Great news for children with leukaemia

New research from Britain says the majority of children diagnosed with leukaemia will survive and will be cured of their disease.

The research by scientists from the London School of Hygiene and Tropical Medicine was based on data from the National Registry of Childhood Tumours, which holds information on almost all children under the age of 15 who are diagnosed with cancer in Britain.

The scientists say the leukaemia cure rates for children have increased from 25% in the early 1970s, to 68% in the early 1990s and is expected to have risen to 73% for children diagnosed more recently - they believe three in four children diagnosed with leukaemia are going to be cured of their disease.

In the past the success of leukaemia treatments was judged by the number of patients surviving five years but a "cure" is now defined as the point at which life expectancy returns to normal for their age and sex.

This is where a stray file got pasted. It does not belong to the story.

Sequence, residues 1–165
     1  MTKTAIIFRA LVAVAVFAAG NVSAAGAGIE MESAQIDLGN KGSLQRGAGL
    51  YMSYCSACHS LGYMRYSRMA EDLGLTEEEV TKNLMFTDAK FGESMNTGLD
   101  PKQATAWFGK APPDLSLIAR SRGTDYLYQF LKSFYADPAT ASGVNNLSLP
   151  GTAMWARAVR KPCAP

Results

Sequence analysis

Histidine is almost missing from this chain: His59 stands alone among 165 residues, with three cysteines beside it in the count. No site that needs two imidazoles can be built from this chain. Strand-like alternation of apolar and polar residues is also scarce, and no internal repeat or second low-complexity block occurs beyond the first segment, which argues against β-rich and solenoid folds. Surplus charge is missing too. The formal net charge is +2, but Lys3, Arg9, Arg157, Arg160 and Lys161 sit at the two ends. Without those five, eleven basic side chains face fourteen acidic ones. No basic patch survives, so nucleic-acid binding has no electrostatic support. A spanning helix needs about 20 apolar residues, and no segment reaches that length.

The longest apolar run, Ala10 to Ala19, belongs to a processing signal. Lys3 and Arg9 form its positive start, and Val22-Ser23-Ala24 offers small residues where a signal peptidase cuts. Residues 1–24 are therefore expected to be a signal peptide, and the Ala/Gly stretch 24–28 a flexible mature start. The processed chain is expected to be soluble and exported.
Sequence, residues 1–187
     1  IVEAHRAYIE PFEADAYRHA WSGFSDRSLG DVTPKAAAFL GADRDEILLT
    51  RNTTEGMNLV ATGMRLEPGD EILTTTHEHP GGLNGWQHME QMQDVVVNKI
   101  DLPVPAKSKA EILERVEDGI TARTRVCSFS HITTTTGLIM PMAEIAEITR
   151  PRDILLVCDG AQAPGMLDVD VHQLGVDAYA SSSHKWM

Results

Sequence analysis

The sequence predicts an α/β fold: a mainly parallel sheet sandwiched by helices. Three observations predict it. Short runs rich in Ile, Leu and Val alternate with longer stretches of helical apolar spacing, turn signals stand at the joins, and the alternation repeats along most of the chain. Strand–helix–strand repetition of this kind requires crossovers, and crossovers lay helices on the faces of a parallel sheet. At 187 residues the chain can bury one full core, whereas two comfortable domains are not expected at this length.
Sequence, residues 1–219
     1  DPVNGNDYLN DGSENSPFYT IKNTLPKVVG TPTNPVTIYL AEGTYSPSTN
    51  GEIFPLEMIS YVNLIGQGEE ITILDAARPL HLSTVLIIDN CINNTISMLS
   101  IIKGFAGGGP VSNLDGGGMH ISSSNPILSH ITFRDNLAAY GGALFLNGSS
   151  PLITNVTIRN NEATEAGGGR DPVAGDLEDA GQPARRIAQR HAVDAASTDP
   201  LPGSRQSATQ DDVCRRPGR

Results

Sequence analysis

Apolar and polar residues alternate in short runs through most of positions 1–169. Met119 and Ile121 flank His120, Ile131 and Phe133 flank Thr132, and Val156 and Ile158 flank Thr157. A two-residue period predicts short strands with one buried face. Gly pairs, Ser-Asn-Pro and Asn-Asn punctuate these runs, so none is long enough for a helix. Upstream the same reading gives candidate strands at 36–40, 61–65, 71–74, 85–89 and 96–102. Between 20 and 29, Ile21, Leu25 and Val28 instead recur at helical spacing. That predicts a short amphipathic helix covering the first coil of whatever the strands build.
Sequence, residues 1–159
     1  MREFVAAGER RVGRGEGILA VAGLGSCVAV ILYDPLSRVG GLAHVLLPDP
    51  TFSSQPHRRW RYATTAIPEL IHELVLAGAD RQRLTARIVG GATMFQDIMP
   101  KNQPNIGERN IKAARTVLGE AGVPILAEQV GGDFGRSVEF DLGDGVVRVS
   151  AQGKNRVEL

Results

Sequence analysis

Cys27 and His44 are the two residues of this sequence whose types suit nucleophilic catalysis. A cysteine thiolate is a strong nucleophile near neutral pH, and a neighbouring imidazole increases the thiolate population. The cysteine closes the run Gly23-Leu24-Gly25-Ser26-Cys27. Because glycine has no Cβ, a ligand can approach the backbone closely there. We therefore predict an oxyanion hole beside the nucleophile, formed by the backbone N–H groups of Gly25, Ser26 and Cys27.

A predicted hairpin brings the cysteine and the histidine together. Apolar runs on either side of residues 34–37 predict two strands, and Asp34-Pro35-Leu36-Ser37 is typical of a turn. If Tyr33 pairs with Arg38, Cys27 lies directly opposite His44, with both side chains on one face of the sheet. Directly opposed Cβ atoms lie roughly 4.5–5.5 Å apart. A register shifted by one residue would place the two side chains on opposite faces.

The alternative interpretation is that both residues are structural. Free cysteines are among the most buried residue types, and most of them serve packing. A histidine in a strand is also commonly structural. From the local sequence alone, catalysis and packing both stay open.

Dr. Anjali Shah, who led the study, says that children diagnosed with leukaemia can be told that the numbers cured of this terrible disease are increasing and this is largely down to improvements in treatment and care.

These improvements, says Dr. Shah, have been the result of international research collaboration and well-organised, multi-disciplinary trials, many of which have been led by researchers in Britain.

Professor Michael Coleman, head of the Cancer Research UK Cancer Survival Group at the London School of Hygiene and Tropical Medicine, says the study suggests that the development of new treatments for leukaemia, combined with clinical trials to refine treatment strategies, has been effective in curing more children with leukaemia.

Professor Coleman says now the risk of longer-term adverse effects that the children may suffer in later life, which can include recurrence of cancer in other parts of the body, need to be reduced.

The study is published in the British Journal of Cancer.

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